Brexit and inequality dividing UK

Ten months after the UK left the European Union the divisions between those who voted to leave and those who voted to remain is still as polarised as ever.

This year’s British Social Attitudes (BSA) report, by the National Centre for Social Research (NatCen), examined the arrival of the pandemic and the delivery of Brexit and found both are shaping public attitudes in Britain.

On the day The UK announced its latest free trade deal with New Zealand the survey reported Brexit was still dividing public opinion.

It said the stalemate over Brexit prior to the 2019 election had undermined trust and confidence in how Britain was being governed. Yet during the pandemic the government needed people’s trust as it tried to persuade them to change their behaviour.

“Trust and confidence in government rose during 2020,” it said. “23% now say they trust government to put the needs of the nation above the interests of their party, the highest figure recorded since 2007 and an increase from a record low of 15% in 2019.”

In all 32% said that the present system of governing in Britain could not be improved or at least only in small ways, up from a record low of 20% in 2019.

However, the increase in trust and confidence has largely been confined to those who voted for Brexit, which had been implemented just before the pandemic broke out.

“31% of those who voted Leave in 2016 now say that that they trust government to put the national interest first, up from just 12% in 2019,” it added. “In contrast, only 17% of Remain voters express the same view, an increase of just three points in 2019 (14%).”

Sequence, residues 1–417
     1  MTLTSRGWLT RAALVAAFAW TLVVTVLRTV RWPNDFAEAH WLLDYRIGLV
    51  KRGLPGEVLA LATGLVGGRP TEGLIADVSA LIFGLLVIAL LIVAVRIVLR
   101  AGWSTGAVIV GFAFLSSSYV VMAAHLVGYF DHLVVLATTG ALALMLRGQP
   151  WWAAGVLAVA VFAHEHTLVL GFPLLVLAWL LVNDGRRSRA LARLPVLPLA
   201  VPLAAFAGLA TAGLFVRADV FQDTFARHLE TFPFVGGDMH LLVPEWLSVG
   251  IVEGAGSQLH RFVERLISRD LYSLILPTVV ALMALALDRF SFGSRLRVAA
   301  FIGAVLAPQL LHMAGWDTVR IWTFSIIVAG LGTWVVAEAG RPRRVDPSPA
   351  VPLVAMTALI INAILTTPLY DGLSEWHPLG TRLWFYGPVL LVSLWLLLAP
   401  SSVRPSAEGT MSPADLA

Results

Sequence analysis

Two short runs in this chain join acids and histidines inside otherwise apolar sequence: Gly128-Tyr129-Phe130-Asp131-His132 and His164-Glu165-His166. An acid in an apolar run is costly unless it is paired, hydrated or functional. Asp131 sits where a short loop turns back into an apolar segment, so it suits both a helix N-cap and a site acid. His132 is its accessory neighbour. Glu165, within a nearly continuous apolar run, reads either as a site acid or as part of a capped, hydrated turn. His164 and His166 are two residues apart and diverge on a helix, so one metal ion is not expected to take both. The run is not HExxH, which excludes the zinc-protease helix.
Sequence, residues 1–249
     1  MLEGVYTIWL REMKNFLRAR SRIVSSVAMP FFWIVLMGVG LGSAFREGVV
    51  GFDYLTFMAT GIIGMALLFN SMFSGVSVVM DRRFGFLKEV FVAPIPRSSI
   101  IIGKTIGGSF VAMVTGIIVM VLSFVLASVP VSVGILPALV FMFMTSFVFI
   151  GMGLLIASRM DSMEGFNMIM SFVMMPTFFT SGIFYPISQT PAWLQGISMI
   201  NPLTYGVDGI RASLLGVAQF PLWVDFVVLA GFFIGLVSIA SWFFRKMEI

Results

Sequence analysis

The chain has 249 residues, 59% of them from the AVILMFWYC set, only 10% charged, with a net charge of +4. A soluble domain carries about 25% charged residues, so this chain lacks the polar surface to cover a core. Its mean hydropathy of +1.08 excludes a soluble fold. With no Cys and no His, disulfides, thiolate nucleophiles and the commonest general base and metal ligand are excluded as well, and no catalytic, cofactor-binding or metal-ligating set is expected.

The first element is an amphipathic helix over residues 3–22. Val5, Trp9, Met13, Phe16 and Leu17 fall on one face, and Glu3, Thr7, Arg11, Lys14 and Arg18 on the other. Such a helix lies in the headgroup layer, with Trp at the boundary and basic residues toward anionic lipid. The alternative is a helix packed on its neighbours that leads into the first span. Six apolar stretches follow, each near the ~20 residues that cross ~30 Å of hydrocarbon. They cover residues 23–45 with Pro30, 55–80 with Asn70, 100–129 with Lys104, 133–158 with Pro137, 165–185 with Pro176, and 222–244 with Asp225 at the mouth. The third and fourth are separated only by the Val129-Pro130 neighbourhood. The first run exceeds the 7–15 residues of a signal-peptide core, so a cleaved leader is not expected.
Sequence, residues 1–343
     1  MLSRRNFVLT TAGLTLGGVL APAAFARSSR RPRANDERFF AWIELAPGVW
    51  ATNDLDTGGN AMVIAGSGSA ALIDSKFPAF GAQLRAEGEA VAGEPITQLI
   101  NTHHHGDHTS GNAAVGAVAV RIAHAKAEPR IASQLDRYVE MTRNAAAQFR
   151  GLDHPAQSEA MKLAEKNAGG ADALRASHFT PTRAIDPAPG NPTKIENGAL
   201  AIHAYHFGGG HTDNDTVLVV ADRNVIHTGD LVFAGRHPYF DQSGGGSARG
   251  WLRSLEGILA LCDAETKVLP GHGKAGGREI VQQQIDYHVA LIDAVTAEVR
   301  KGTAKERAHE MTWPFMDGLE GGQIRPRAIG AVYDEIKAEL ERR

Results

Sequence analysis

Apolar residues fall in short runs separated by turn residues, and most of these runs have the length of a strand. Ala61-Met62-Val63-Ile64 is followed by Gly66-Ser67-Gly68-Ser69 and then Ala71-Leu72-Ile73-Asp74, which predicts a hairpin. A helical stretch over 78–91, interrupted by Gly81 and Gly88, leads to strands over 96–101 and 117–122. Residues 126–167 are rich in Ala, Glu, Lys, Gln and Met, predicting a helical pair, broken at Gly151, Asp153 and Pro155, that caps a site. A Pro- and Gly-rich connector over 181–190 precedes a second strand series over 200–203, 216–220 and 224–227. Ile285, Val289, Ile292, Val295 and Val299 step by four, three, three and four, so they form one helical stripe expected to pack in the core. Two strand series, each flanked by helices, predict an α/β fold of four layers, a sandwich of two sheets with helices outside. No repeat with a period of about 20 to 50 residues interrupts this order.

Similarly, 46% of Leave voters say that the system of governing Britain needs little or no improvement, compared with 17% in 2019. Only 24% of Remain voters feel the same way, up just four points on the 20% recorded in 2019.

This year’s survey is the first time that people who are sceptical about Europe have been more likely than those with a more favourable attitude towards the EU to express trust and confidence in government.

Sir John Curtice, senior fellow at the National Centre for Social Research, said: “Faced with COVID-19 restrictions and increased economic insecurity, people in Britain have adopted a more liberal attitude to authority, while concern about inequality has grown. However, despite the impact of the pandemic on our lives, these trends do not signify a new direction in the public mood. Rather, in many ways the pandemic has reinforced opinions and attitudes that had already become increasingly common in Britain in recent years. In many respects it looks as though the landscape of public opinion in the post-pandemic world may well look a relatively familiar one.”

He added: “However, the delivery of Brexit has restored trust and confidence in government to levels not seen since the EU referendum. Yet this response has been a highly partisan one – largely confined to those who voted for Brexit. As a result, Britain is left divided between one half of the country who now feel better about how they are being governed and another half who, relatively at least, are as unhappy as they have ever been.”